Reader Mike Cather explained in a letter printed Nov. 17 that he won't let certain vehicles merge in front of him. These include local vehicles trying to exit at the last moment (they can "learn the hard way to queue up safely like everyone else"); drivers weaving in traffic; and a Mustang or other "muscle car" ("I call this an offensive version of defensive driving").

His attitude did not sit well with a number of readers. Some examples:

Dear Dr. Gridlock:

I would advise Mr. Cather that hostility has been shown to be a risk factor for heart disease. People might live longer (and certainly healthier) if they choose a kinder and gentler approach to life.

Michelle Chenault

Montgomery Village

Dear Dr. Gridlock:

The Nov. 17 letter from Mr. Cather was a perfect, telling example of the major problem on our roadways: the egotistical driver who believes that the road belongs to him; who decides what rules should apply to him and what rules should apply to others; and who takes on the role of enforcer of his own special rules of the road.

I would not even presume to refute each and every one of his rules for "allowing" others to merge onto his private road, because I am certain that countless numbers of readers are already fuming or laughing at every one.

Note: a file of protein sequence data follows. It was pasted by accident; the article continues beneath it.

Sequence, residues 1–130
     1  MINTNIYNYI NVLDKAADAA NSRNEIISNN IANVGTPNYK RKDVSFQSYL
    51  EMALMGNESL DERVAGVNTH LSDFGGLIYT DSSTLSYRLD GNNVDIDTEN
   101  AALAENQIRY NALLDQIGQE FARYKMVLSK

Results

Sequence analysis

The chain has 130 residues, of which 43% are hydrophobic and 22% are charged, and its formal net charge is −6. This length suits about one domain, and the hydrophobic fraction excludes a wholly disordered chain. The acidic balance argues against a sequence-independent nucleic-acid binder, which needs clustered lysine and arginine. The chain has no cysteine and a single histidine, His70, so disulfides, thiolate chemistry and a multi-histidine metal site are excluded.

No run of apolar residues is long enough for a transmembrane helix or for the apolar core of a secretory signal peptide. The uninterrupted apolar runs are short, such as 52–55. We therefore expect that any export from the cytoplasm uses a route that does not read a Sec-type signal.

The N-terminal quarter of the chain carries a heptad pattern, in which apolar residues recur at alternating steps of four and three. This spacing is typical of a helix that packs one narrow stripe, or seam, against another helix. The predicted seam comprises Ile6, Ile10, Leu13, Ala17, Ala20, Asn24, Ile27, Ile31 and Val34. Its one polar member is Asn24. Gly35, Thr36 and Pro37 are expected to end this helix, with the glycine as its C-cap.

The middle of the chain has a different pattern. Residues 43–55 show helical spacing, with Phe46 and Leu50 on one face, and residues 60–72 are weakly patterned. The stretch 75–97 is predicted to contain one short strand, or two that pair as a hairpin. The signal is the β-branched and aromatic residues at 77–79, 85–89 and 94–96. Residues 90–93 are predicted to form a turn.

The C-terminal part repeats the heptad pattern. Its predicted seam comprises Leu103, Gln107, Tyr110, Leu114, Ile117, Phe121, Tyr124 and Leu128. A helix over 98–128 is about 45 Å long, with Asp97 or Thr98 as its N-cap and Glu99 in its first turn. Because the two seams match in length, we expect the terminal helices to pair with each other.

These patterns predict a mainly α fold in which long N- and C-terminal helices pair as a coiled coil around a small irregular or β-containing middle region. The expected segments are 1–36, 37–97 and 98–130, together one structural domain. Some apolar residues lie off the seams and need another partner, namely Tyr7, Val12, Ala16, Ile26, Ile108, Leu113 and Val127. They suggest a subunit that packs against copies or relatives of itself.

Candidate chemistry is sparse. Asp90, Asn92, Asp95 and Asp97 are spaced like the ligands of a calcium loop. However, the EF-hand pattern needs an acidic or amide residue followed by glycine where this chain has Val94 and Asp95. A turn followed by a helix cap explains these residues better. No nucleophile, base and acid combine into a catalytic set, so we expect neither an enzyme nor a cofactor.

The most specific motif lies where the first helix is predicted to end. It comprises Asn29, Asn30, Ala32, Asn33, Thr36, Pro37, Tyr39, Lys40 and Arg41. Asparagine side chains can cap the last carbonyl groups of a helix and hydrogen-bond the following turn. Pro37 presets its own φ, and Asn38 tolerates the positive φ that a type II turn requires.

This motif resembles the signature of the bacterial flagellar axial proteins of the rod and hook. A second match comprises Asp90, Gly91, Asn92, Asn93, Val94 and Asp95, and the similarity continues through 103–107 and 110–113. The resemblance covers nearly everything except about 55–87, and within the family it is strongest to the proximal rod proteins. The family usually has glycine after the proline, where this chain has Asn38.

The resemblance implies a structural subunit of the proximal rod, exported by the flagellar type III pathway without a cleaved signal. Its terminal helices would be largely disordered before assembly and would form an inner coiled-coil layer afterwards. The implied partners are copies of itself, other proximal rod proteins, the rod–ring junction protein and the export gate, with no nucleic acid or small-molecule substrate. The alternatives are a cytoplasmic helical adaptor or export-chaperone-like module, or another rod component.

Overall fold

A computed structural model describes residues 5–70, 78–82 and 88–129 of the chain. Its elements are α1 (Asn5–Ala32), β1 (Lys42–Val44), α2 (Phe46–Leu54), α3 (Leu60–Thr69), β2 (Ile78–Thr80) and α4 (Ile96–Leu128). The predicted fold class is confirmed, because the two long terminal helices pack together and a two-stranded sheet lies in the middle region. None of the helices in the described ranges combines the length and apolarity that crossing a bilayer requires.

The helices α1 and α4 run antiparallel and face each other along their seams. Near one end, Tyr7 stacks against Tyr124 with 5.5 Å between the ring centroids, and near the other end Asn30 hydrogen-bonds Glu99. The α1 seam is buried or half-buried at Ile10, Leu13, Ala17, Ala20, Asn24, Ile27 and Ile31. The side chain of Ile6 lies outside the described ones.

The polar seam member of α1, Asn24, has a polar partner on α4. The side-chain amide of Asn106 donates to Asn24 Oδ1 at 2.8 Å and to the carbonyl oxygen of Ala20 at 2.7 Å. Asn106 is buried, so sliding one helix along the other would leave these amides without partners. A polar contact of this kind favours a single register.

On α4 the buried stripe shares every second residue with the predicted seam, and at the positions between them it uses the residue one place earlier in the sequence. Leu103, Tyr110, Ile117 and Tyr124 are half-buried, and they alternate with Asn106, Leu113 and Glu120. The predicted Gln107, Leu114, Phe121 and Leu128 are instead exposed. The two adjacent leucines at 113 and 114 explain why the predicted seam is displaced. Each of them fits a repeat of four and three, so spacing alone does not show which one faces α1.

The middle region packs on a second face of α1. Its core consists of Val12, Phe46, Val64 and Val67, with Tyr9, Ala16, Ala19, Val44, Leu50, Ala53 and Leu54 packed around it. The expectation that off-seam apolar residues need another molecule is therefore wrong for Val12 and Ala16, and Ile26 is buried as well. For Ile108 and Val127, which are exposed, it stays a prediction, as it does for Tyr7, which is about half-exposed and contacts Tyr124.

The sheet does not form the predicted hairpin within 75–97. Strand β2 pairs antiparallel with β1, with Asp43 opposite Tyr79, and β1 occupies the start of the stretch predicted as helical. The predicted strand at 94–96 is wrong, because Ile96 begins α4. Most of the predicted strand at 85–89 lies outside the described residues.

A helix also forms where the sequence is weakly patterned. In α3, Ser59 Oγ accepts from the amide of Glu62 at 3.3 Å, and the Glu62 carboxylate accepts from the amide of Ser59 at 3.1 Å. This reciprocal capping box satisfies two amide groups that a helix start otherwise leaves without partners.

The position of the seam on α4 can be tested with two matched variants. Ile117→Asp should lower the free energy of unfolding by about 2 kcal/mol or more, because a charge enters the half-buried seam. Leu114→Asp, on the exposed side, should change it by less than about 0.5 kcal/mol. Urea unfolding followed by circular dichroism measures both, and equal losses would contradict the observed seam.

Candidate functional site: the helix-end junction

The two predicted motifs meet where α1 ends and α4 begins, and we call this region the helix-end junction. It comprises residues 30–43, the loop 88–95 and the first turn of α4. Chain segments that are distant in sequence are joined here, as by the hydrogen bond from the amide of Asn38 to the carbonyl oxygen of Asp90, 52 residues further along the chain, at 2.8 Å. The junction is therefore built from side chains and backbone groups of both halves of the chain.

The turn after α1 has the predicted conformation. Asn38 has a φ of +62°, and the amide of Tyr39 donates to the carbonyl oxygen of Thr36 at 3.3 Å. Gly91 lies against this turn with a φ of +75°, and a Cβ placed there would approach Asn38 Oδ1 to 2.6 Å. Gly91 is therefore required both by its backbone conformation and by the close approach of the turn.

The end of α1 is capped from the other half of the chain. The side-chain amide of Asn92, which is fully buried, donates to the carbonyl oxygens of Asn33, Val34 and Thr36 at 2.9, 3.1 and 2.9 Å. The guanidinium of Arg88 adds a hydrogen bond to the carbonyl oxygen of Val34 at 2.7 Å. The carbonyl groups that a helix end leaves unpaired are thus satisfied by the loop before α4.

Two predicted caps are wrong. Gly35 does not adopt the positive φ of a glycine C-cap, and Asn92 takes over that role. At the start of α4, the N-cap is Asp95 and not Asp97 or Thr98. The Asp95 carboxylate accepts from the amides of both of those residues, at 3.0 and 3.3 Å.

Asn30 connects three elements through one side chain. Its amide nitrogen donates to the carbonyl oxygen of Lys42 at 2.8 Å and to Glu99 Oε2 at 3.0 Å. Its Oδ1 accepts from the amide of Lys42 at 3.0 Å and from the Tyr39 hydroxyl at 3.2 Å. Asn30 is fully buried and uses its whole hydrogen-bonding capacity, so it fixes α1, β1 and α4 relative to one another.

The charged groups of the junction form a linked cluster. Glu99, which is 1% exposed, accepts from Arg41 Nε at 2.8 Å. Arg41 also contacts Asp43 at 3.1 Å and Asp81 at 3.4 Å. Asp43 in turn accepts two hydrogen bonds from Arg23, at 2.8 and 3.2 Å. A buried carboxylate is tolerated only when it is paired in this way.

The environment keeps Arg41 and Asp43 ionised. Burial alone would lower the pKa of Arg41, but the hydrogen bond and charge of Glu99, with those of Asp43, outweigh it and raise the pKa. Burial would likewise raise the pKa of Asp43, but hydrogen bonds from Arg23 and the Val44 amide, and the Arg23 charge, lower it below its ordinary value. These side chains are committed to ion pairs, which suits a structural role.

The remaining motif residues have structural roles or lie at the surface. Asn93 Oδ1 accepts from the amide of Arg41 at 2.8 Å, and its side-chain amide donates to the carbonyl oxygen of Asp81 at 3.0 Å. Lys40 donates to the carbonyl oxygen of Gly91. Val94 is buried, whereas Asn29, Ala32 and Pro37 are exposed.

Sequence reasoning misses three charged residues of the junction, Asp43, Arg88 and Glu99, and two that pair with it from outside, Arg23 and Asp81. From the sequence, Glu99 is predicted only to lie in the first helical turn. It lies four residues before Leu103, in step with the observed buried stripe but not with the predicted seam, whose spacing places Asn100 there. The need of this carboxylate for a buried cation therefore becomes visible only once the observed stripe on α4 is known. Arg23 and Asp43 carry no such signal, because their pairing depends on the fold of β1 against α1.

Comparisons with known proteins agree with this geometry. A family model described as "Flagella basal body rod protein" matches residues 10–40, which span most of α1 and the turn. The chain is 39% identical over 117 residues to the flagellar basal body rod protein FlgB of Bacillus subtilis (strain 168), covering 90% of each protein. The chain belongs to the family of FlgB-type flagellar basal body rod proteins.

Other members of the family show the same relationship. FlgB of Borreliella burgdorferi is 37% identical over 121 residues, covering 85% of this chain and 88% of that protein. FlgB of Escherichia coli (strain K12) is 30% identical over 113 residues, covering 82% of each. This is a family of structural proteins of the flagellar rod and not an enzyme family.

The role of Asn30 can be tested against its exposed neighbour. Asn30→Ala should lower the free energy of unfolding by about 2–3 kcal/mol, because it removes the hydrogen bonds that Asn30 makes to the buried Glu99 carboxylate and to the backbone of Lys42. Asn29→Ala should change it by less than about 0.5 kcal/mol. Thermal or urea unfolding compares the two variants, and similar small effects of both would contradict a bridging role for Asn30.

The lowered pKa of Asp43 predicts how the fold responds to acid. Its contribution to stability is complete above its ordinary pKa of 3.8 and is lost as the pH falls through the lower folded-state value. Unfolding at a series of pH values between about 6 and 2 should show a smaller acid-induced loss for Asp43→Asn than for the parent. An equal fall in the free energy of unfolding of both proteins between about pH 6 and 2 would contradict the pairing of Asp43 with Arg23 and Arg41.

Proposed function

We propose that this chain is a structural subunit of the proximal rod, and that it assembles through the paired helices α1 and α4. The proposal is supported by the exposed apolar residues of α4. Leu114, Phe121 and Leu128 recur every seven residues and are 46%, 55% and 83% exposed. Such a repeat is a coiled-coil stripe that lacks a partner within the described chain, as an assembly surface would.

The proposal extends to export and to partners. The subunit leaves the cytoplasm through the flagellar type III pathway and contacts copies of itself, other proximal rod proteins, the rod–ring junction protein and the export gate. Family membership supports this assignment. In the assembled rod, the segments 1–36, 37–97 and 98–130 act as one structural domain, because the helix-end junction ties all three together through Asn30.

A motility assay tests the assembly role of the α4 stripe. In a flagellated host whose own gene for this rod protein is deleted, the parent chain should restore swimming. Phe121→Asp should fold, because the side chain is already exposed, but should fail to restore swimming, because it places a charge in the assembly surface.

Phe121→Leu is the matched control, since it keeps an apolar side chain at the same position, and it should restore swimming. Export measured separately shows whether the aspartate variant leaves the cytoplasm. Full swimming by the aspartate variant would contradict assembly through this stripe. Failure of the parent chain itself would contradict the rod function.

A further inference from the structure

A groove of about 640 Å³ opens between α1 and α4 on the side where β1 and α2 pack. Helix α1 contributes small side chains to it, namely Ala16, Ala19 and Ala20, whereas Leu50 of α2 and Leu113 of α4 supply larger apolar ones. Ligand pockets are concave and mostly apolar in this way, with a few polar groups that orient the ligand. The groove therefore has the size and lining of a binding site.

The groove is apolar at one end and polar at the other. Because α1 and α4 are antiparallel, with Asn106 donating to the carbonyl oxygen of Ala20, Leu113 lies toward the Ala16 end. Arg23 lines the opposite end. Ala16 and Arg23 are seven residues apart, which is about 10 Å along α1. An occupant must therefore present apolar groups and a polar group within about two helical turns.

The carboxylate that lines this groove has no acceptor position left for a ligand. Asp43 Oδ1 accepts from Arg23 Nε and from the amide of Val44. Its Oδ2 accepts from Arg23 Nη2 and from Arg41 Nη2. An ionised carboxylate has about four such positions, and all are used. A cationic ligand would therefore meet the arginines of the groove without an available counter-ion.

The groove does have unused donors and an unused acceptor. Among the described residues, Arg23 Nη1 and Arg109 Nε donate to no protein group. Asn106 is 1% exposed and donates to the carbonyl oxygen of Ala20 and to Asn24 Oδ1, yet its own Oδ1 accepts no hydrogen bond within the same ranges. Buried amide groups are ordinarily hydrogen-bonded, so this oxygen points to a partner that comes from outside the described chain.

It's horrifying that drivers like him believe they are making things safer and setting a good example.

Gene Cowan


Bus-Riding Benefits

Dear Dr. Gridlock:

I live in Gaithersburg and work in Bethesda. I usually take a Montgomery County Ride On bus to work and reverse coming home. It generally takes less than an hour (about 40 minutes at best). I could drive it in about 20 minutes.

The main reasons I like public transit are the price (I am cheap; it only costs me 75 to 80 cents a day), and I do not have to drive. My employer participates in the Fareshare program, and I do not have to face aggressive drivers.

I let the experienced bus driver deal with any unsafe conditions. I arrive at work refreshed.

Steve Babor


And, you are doing your bit to reduce gridlock for all of us, Mr. Babor. Plus, you're making a contribution to the environment. Thank you.

A Hot Spot for Commutes

Dear Dr. Gridlock:

The one-traffic-light towns that you have mentioned as a counterpoint to this area sound quite peaceful, but I can't imagine that there are many jobs available for new residents.

I'd like to suggest Albuquerque as a city with an easy commute. Although I did not drive while I was there, I had occasion to walk around the "downtown" area, which is about eight square blocks of buildings up to about 25 stories. (The rest of the city did not seem to have a building over three stories.)

At 8:30 a.m. on a weekday, I saw no more than four or five vehicles waiting at any given red light.

With a population of 500,000, the job market should be a bit more flexible than that of a small town.

I, however, dislike the heat, and with the summer temperatures regularly in the 100s, Albuquerque is out of the question for me, but maybe not for those who bask in our area's summers and are miserable all winter.

Max Handelsman


Thanks for the recommendation. Any other escapes from our gridlock?

Alternatives to Baltimore

Dear Dr. Gridlock:

My wife and I live in Greenbelt. She commutes to the University of Maryland Medical Center in downtown Baltimore.